Leave for Pregnancy or Birth, Adoption or Foster Care §825.120 and 121
An expectant mother may take leave before the birth if her condition makes her unable to work. A husband may take leave to care for an expectant spouse if she is incapacitated. Only a spouse may receive FMLA leave to care for a pregnant woman.
Leave for Covered Servicemember §825.127
Employees can receive up to 26 weeks of leave in a single 12-month period to care for a covered servicemember who suffered an injury or illness during active military service. The employee must be the spouse, son, daughter, parent or next of kin. The 26 weeks is limited to one leave per injury. A new certification form was developed for the leave.
Leave for Qualifying Exigency §825.126
To qualify, the employee must be the spouse, parent, son or daughter of a covered military member. Military members are limited to those in the National Guard and Reserves on active duty or called to active duty by the federal government. Qualifying exigency includes short notice deployment, military events and related activities, childcare and school activities, financial or legal arrangements, counseling, rest and recuperation, post-deployment activities and other activities related to military duty. A form was created to request leave under this provision.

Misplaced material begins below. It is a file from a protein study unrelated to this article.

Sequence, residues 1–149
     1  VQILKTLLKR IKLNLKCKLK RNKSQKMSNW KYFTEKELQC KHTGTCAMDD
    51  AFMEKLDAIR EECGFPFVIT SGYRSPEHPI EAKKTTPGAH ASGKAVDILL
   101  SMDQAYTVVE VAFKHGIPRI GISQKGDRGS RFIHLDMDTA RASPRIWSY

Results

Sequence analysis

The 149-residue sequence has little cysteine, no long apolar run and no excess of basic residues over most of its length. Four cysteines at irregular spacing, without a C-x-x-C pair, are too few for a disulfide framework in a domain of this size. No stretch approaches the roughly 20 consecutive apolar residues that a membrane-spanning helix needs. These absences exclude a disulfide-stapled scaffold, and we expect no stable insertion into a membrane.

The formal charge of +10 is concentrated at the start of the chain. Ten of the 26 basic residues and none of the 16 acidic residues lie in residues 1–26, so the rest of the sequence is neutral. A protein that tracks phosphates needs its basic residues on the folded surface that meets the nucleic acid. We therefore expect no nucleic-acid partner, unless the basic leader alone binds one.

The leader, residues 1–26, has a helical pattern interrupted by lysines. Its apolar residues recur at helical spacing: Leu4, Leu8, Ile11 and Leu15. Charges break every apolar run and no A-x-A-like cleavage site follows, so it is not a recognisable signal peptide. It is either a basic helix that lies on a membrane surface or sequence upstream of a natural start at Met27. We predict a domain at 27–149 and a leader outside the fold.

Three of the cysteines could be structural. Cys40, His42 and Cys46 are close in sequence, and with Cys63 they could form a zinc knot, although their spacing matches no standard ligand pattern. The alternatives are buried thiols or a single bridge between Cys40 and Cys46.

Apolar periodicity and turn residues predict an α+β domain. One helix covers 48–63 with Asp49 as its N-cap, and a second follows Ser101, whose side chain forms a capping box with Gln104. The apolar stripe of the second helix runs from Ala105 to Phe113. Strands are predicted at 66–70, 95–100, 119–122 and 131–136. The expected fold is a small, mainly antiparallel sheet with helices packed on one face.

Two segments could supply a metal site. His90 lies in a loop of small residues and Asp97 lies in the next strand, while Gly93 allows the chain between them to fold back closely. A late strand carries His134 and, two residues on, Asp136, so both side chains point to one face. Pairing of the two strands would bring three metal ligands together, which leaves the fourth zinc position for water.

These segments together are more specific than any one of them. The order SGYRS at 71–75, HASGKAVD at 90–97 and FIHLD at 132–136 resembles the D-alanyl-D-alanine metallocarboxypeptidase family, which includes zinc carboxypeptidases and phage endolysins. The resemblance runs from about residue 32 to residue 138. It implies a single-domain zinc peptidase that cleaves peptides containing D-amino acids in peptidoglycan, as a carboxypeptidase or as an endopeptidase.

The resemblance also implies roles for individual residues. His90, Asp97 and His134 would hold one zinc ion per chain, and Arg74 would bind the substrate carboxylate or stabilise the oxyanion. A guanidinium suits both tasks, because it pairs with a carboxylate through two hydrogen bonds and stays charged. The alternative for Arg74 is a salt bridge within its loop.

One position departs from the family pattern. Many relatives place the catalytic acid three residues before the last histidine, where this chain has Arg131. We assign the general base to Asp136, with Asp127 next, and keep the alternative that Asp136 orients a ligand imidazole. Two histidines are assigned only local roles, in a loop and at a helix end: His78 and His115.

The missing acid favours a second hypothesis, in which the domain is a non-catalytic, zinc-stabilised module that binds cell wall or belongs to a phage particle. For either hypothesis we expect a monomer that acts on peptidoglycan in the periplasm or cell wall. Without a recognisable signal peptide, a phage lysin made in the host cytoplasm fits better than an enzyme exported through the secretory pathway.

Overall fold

Calculation of Leave Time §825.200
Employers must divide the number of hours the employee was absent by the number of hours the employee would have worked in the week. If the employee has a variable work schedule, the rules require the employee to average the number of hours worked by the employee over the 12 months, not weeks, preceding the leave.
If the employee takes a full week of leave during a holiday week, the holiday counts as a day of FMLA leave. However, if the employees takes intermittent leave, the holiday is not counted unless the employee would have been scheduled to work the holiday.